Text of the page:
Freeney Comes Up Big

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October 29, 2001
Freeney Comes Up Big

Last year, Syracuse DE Dwight Freeney did all he could to stop Michael Vick and the Virginia Tech Hokies, harassing, chasing and eventually sacking Vick 4.5 times on the afternoon. But his Herculean effort came up short as the Orangemen fell, 22-14.

In their rematch on Saturday, Freeney got some much-needed help.

Syracuse recorded five sacks (one from Freeney), another seven tackles behind the line of scrimmage, limited the Hokies to -3 yards rushing in the first half (90 total, nearly 150 yards less than their season average) and held Virginia Tech to its lowest point total since 1995, helping Syracuse upset the Hokies, 22-14. The loss was Virginia Tech’s first at home since 1998, and likely ended the Hokies’ dreams of playing for a national championship.

The win launched Syracuse into the top 25 and Dwight Freeney into the national consciousness. With all due respect to Julius Peppers, Freeney is arguably the best pass rusher in college football right now. His sack on Saturday gives him 14.5 on the year, and the senior now needs just 1.5 more in his final three games to set the single-season standard. The relentless, havoc-causing Freeney also has 21 quarterback hurries and five forced fumbles, this, despite receiving constant double- and sometimes triple-teams.

So, why haven’t we heard more about Freeney until now? Did we mention he’s 6’1", 258 pounds?

Officially, a "tweener," Freeney (who has 27.5 sacks in his last 18 games) has scouts divided over whether or not he can play end in the NFL. On the one hand, the athletic Freeney runs a 4.42/40, can bench press over 500 pounds and has the quickest first step in the nation. On the flip side, the oft-injured end has been average, at best, against the run, and, in fact, can be overpowered if you run directly at him. And on Sundays, teams will run directly at him, pulling their mammoth guards and blasting the undersized Freeney off the point of attack. What to do, what to do…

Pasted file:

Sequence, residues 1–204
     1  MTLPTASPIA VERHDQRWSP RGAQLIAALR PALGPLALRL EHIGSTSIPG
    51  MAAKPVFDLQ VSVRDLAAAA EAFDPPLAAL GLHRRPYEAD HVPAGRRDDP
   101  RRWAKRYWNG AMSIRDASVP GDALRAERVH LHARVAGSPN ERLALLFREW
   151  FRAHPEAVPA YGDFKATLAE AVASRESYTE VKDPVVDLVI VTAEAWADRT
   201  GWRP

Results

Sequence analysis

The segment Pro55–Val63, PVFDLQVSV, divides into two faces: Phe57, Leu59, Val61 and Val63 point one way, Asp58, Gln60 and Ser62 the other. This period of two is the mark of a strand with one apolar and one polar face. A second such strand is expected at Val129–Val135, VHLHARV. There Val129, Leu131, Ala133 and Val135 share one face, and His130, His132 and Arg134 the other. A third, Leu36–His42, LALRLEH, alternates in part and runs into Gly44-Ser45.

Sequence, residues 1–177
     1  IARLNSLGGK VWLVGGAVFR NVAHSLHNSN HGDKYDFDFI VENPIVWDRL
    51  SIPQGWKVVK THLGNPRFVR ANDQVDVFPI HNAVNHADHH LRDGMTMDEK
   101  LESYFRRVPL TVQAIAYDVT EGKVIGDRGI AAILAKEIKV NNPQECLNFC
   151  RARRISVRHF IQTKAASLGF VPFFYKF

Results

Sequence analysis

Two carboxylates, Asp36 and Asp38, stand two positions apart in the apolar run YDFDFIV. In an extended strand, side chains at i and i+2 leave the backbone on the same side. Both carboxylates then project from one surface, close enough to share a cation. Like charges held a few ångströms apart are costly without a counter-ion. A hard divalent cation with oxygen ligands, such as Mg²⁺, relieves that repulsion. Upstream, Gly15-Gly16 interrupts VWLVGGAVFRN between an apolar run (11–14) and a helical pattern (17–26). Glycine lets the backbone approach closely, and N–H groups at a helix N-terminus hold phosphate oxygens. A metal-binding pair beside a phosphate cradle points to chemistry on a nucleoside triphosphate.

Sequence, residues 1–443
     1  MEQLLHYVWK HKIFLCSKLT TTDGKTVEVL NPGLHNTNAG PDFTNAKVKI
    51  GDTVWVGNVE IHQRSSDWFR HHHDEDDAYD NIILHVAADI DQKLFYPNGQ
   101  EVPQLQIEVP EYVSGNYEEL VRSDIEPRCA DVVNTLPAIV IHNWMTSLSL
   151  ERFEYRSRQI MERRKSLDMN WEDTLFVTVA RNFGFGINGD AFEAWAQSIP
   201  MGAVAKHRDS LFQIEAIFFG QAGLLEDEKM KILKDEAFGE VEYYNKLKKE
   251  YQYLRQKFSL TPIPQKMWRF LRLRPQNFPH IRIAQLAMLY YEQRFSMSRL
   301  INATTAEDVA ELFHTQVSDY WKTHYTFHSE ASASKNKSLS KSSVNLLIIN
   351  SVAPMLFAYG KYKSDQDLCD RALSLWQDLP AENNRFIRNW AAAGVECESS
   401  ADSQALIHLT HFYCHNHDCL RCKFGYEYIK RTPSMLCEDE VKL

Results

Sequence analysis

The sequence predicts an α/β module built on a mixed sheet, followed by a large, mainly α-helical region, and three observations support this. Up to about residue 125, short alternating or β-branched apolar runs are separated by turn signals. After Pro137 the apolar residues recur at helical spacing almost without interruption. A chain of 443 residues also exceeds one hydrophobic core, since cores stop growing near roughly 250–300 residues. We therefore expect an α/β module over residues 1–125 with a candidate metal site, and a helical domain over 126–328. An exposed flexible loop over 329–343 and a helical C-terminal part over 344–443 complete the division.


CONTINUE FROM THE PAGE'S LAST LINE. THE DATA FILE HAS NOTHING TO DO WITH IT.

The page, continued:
Obviously, Freeney has the size and speed to play linebacker, but might not have the instincts or range. Bottom line, he’s much more comfortable with his hands down, rushing the passer than he is reacting to a play from the outside linebacker spot. And while Syracuse likes to move him around the field and create favorable match-ups, he likely won’t have the experience to play linebacker in the NFL.

So, are we wasting our time spotlighting a guy who might not even make it in the NFL? Not at all. If scouts draw any consensus on Freeney, it’s this: if placed in the proper scheme, he could be an explosive playmaker on the professional level, similar (says The Sporting News) to New York’s John Abraham.

Abraham played outside linebacker in New York’s 3-4 scheme last year, and registered 4.5 sacks in just 6 games. This year, the team made a switch to the 4-3, and moved the undersized Abraham (6’4", 256) to end. He’s responded with 3 sacks through the first six games.

Freeney, like Abraham, is an exceptional athlete, and could likely thrive in a 3-4 scheme. And coach Dom Capers, who, granted, doesn’t know at this point what system the Texans will run, is most familiar and comfortable running a 3-4.

Regardless of the scheme, Capers loves OLBs who can wreak havoc on the field, get to the quarterback, and draw a defense’s attention. Greg Lloyd, Lamar Lathon and Kevin Hardy have all excelled on defenses run by Capers.

Does Freeney, assuming scouts remain divided and his size drops him out of the first round, have what it takes to be the next stud pass rusher on one of Capers’ defenses?

Let’s ask the Hokies.

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